West Bank settlers who invaded Israeli Army base among ‘enemies within’

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 By Rabbi Dow Marmur

Rabbi Dow Marmur

JERUSALEM — The attack on an Israeli army base in the West Bank last month came as a shock to Israelis, not only because security was breached but because it was Jewish settlers, not Palestinian terrorists, who breached it.

The army is responsible for all security in the West Bank. Soldiers are expected to remove settlement outposts deemed illegal as ordered by the government. In anticipation of such a step in a particular case, a group of right-wing terrorists entered the base to remind all concerned that there’s a “price tag” for tampering with anything that challenges them. Though Israel’s armed forces are as close to being sacrosanct as a (still) secular state will allow, these seemingly patriotic Jews are prepared to cross the line.

Now when five of the intruders have been apprehended and hopefully will be brought to justice, it appears that they got a lot of information about troop movements probably from settler soldiers who’re opposed to army interference in settlement affairs and most certainly, as has now been confirmed, from at least two Knesset members.

Once again, it seems that Israel knows how to protect itself from enemies from without; it’s those within that seem to constitute a much greater danger. No doubt, steps will now be taken to make sure that unwanted Israelis will be kept out of army bases as much as Palestinians. This may include making sure that soldiers that come from settlements – potential informants – don’t serve on bases in theWest Bank.

Israelis are thus grappling with two kinds of internal terrorism: that of the fanatical haredim and that of no less fanatical settlers. (One of the settlers currently in custody is a grandson of the late and notorious Meir Kahane of Jewish Defense League infamy.)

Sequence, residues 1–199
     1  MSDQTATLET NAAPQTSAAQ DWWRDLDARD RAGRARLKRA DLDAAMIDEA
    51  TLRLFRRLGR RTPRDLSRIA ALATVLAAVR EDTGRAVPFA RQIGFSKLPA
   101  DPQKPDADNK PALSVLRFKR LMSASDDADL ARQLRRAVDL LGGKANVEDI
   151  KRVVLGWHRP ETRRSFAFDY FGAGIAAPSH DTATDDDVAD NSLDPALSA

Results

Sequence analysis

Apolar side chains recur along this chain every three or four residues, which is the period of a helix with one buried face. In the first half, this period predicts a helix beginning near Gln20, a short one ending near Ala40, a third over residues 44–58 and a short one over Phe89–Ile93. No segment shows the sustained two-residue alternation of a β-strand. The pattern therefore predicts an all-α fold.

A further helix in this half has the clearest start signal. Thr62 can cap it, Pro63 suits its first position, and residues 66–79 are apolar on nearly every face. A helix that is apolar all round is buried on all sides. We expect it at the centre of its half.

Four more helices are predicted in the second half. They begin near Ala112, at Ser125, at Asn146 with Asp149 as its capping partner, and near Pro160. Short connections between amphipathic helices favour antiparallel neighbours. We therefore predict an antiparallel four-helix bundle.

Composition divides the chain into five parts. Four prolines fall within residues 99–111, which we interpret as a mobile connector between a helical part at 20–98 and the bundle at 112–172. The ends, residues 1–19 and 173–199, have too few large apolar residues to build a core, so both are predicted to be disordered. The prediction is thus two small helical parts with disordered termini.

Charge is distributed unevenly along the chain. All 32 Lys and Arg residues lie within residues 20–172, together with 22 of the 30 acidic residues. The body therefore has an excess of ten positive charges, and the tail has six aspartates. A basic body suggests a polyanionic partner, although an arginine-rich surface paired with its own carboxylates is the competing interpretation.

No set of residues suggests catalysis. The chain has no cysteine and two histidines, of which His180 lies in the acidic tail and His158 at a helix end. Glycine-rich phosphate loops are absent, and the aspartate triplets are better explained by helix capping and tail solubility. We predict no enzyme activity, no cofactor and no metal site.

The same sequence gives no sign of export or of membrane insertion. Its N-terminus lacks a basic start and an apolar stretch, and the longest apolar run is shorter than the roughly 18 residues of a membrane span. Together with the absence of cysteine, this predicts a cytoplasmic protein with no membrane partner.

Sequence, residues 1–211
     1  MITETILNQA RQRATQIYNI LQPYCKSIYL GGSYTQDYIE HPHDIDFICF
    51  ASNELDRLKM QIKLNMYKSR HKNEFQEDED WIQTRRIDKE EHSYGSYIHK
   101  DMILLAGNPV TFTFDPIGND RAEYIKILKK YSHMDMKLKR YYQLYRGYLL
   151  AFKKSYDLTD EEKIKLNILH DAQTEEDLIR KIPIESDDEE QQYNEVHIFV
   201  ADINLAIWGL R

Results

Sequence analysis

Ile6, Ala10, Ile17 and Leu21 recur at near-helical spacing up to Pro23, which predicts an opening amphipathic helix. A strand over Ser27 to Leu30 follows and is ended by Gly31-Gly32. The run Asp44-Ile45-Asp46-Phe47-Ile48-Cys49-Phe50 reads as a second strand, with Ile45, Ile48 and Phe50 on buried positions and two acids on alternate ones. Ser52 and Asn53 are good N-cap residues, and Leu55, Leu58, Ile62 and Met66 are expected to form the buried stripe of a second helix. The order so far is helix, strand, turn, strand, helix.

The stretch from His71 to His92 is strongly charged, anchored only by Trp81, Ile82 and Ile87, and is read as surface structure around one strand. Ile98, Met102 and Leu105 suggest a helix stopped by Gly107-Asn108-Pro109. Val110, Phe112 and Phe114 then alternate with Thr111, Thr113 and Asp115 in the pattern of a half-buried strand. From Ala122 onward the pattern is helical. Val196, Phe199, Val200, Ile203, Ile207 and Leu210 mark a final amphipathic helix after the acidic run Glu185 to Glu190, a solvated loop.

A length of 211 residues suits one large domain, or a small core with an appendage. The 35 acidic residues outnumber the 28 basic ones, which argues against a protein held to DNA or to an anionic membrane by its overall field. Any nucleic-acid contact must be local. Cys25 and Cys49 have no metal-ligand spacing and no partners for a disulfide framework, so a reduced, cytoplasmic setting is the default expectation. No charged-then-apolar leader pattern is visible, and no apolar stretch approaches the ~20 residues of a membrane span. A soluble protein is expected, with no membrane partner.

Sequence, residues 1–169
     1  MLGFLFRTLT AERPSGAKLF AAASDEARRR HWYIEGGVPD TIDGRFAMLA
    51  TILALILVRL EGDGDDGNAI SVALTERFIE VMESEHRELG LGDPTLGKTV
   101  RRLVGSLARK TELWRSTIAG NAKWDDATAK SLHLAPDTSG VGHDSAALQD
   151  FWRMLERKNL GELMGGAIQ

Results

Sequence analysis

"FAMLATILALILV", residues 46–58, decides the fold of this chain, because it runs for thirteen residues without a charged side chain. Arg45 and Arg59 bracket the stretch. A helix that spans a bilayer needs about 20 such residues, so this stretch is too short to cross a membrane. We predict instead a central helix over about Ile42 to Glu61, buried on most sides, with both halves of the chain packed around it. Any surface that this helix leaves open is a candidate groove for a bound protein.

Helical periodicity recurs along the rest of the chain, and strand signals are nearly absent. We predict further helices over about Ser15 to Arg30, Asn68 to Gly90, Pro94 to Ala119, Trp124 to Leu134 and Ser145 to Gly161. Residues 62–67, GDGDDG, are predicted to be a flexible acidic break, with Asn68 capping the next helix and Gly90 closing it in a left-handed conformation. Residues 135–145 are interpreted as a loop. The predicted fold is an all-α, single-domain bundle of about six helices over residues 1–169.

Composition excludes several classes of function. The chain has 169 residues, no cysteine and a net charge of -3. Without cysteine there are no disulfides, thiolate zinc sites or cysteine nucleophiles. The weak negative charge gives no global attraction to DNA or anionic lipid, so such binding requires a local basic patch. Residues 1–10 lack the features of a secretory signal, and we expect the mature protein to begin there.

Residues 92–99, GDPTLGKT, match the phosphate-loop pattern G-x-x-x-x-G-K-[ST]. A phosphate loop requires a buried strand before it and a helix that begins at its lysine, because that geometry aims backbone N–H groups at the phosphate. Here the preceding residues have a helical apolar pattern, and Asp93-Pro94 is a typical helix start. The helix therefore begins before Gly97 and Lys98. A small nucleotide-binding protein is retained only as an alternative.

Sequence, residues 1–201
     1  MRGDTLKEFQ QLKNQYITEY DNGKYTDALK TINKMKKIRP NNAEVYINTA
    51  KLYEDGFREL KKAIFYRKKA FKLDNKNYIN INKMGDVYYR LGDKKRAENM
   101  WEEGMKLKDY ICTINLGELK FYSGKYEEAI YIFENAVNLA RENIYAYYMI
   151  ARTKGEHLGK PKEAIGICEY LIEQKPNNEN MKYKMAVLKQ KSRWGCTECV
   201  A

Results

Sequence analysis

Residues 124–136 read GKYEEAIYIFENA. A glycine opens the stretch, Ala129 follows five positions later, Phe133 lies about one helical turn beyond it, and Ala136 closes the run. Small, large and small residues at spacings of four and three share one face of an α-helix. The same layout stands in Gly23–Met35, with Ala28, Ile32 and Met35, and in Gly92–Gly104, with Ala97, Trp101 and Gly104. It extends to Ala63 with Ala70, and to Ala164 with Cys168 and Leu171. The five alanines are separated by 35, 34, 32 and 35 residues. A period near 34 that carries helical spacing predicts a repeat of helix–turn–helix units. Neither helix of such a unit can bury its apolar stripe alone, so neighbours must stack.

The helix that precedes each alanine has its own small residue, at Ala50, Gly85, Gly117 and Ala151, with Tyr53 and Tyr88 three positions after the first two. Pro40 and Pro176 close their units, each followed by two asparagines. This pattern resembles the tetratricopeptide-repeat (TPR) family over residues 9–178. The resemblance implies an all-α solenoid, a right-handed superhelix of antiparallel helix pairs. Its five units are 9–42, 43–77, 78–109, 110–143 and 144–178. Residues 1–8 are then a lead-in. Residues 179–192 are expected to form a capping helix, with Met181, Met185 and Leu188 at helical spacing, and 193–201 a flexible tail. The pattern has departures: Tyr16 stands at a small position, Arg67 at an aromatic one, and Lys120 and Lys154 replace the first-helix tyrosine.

As is suggested by the fact that elected parliamentarians aided and abetted the settler terrorists, to punish the intruders – or even to call them terrorists in public – will be very difficult in view of their support in high places and the reluctance by politicians on the sidelines to incur the wrath of the women and men many Israelis consider to be the true pioneers of our time.

It would have been easier if these “pioneers” could be bought off, but ideologues are, alas, not susceptible to bribes. The old adage that for peace (shalom) you have to pay (leshalem) unfortunately doesn’t apply here.

This is another indication that any peace agreement that would involve removing even some of the settlements in the West Bank has the potential of erupting into civil war and, therefore, isn’t likely to happen. For better or worse, knowingly or not, those in power among the Palestinians collude with it by stipulating conditions that probably no Israeli government can accept.

However, Palestinian and Israeli representatives are due to meet again in Jordan this week. Though skepticism remains the order of the day, it’s impossible to ignore the fact that efforts are being made to restart talks. The pessimistic view, therefore, isn’t the only one around.     

Optimists may also wish to speculate that the disgust that the Israeli public at large feels about internal terrorism, however religiously and nationalistically motivated it may seem, will come to stop the kind of incidents we’ve witnessed recently from anti-Zionist haredim on the one hand and ostensibly super-Zionist settlers on the other.

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Rabbi Marmur is spiritual leader emeritus of Holy Blossom Temple in Toronto.  He now divides his time between Canada and Israel and may be contacted at [email protected]

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